Last night during class, my teacher was demonstrating how to play the third rhythm of Wassolonka. I sat and listened, and was simply blown away by how beautifully he played it. It is easy to be impressed with his soloing. He is a powerful and exciting player and when he moves around a rhythm there is really nothing else like it. But this was different. Here he was simply playing a straightforward rhythm to demonstrate how it is done.
Perhaps my ear is improving. I found myself able to hear the tones and slaps and noticing how they affected the timing of the piece. I could hear the tiniest hesitation between a tone and bass. I sensed a subtle difference in how hard he was hitting the skin, which affected the rhythm oh so slightly. It was like listening to Yo Yo Ma warm up on the cello.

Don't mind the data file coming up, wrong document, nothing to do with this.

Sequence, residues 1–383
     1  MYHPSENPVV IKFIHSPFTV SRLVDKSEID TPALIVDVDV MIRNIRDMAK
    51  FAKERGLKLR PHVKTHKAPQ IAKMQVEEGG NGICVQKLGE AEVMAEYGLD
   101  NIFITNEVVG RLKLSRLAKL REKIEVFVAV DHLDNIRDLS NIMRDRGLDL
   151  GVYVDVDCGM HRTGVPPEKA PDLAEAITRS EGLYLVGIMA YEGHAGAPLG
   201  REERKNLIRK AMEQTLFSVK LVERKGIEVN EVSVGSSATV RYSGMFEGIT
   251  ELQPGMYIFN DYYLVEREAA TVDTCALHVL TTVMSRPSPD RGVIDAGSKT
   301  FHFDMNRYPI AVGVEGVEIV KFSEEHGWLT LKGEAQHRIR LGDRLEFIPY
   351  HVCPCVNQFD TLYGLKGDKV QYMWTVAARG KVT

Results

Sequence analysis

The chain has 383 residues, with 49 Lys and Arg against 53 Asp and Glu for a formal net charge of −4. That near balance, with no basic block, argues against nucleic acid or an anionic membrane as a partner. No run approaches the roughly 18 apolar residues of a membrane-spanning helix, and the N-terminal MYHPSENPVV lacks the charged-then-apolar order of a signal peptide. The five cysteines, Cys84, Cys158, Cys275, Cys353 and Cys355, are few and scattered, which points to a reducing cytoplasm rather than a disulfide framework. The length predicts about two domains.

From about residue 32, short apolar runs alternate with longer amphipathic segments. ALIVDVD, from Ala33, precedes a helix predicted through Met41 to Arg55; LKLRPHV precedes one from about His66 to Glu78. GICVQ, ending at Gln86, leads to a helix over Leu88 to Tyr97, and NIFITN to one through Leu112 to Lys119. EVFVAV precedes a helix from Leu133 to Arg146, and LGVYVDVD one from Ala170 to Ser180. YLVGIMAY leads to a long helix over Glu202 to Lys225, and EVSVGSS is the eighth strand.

I found myself awestruck, really. I could hear 15 years of playing in that phrase. Years and years of working with some of the best teachers in Mali. Years and years of practice. I could hear generations of players, each teaching, laughing, scowling, reprimanding, ignoring, encouraging. By contrast, I could hear myself, ham fisted, sounding like I was driving a sledge hammer. My drum is waiting patiently for me. I know it may be years before I grow into my drum. Before my skill matches it's beauty. It's power. It's subtlety.
And strangely, I don't find it discouraging at all. Quite the opposite. There is something incredibly exciting about being a novice with a beautiful instrument. It is as if I am earning it every time I improve, even the tiniest bit.
Someone on the djembefola forum once asked how good a player we want to be. I joked that I aspire to mediocrity. But after last night, I have to admit, I dream of making my drum sing Wassalonka like Sidy's does.